Written by Susan Neuberger Weller
The importance of a comprehensive trademark search for a new company name and for a new trademark cannot be overstated. It is vital that companies at all stages stay mindful of the pitfalls in naming any new product or component:
1. Any word in any language can function as a trademark depending on how it is used.
2. Every business has at least one company name, trade name, brand name, logo, or slogan it uses to advertise its goods or services, making it vulnerable to a claim of infringement if the use has not been cleared properly.
3. A Secretary of State’s clearance and registration of a name for a corporation or other business entity is NOT a defense to a claim of trademark infringement.
4. Unlike copyright infringement, trademark infringement can be innocent. Prior knowledge of a preexisting trademark is not required for infringement liability to exist.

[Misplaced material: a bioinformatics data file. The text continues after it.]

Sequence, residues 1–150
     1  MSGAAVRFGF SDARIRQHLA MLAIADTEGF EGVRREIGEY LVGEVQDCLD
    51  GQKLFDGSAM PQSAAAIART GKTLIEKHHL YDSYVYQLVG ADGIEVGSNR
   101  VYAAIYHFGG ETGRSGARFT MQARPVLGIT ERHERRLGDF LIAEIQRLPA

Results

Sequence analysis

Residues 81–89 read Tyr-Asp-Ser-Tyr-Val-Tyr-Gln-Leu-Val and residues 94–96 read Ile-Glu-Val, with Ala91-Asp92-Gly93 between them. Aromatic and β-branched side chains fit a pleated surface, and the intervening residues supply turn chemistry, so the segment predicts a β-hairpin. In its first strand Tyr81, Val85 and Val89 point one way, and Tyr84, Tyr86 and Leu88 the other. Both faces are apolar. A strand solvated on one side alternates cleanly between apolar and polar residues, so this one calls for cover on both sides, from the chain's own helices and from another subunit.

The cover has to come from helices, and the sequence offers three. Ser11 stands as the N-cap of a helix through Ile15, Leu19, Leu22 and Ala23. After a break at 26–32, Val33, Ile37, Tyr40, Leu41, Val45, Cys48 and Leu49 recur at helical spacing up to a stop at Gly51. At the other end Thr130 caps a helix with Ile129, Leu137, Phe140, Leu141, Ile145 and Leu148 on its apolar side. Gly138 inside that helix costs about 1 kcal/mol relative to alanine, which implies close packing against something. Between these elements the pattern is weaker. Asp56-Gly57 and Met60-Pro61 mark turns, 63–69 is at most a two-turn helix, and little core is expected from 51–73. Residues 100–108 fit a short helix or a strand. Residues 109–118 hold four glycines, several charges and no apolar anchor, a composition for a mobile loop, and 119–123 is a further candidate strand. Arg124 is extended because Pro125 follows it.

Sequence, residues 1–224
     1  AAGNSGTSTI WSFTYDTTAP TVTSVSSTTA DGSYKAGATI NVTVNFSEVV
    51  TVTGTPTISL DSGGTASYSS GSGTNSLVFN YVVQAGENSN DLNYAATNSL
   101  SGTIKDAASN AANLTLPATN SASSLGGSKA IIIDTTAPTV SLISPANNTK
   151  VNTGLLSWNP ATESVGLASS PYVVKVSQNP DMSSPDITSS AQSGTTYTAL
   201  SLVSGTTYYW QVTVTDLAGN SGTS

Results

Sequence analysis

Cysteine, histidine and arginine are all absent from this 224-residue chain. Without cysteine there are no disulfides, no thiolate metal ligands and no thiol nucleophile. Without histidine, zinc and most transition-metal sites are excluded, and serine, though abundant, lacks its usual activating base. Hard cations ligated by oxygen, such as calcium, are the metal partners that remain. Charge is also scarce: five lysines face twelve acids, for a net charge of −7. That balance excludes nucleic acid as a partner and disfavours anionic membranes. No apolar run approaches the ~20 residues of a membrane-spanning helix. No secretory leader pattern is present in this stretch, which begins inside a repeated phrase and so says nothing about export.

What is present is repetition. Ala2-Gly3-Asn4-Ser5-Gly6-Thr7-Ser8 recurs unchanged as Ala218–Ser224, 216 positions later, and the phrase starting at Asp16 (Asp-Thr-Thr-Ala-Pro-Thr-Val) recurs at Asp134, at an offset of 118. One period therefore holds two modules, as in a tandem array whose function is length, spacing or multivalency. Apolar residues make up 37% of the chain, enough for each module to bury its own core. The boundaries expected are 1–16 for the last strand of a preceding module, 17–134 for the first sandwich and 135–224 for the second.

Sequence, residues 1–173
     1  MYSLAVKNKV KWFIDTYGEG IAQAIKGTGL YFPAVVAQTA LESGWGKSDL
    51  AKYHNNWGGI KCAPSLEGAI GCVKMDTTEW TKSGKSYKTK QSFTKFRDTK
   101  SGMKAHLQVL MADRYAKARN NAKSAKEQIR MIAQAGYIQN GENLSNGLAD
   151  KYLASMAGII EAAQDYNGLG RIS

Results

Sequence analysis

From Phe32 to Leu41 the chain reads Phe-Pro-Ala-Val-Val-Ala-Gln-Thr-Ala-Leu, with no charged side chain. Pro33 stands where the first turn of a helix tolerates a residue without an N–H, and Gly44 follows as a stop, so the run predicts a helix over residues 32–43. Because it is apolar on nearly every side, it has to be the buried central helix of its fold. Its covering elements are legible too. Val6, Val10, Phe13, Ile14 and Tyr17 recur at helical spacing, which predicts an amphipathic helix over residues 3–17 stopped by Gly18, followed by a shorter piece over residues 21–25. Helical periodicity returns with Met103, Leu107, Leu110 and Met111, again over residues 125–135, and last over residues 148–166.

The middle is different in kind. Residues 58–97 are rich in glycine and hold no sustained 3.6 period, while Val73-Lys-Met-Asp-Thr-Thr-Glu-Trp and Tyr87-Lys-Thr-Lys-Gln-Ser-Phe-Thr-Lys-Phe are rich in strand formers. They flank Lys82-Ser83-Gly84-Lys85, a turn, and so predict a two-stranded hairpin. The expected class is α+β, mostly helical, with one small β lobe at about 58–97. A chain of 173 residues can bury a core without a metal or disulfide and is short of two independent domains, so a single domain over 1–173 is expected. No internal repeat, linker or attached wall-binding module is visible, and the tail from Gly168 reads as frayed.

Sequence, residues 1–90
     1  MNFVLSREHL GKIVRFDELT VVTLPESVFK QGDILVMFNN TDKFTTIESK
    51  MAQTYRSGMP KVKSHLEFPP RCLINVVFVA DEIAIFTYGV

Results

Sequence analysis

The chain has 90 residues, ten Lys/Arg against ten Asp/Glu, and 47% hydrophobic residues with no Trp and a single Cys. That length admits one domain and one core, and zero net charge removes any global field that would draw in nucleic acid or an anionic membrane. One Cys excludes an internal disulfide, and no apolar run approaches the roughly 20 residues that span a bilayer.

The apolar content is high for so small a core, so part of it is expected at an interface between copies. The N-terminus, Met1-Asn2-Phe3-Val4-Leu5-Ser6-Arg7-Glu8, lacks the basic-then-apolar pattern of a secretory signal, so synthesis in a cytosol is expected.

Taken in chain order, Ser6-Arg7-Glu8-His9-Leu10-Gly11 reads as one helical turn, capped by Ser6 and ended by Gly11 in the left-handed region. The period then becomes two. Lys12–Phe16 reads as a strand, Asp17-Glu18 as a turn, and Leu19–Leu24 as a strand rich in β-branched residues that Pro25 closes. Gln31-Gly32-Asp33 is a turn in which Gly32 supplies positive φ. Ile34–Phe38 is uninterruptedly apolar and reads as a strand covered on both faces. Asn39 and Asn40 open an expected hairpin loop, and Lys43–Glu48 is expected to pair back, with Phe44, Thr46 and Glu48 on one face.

5. Domain names alone do not create trademark or similar protected rights, but can violate trademark rights.
6. Marks do not need to be identical or used competitively in order to be infringing.
7. Famous marks and names should never be used even for completely unrelated purposes.
8. Unregistered common law marks are valid and fully enforceable in the United States.
9. There is no such thing as international or worldwide trademark rights. Trademark rights exist on a country-by-country basis. In most countries, the first to file a trademark application and obtain a registration owns the rights in that country. Use without registration is irrelevant. Foreign rights should be searched and/or applied for before any public announcements of expansion plans.
10. Trademarks are a use-it-or-lose-it asset. Unlike patents and copyrights, trademarks can exist forever if they are being used. Intent-to-use applications can be filed for trademarks for which there are plans underway but which may not be placed into actual use for, at least, four years.
A thorough trademark search is one of the best investments a company can make in a new endeavor. No one wants to invest time, money, and effort in a new name or mark only to find out later that all is lost – including the initial goodwill and reputation developed under that new name and mark. So, do not simply choose a new name or mark wisely, also search it well.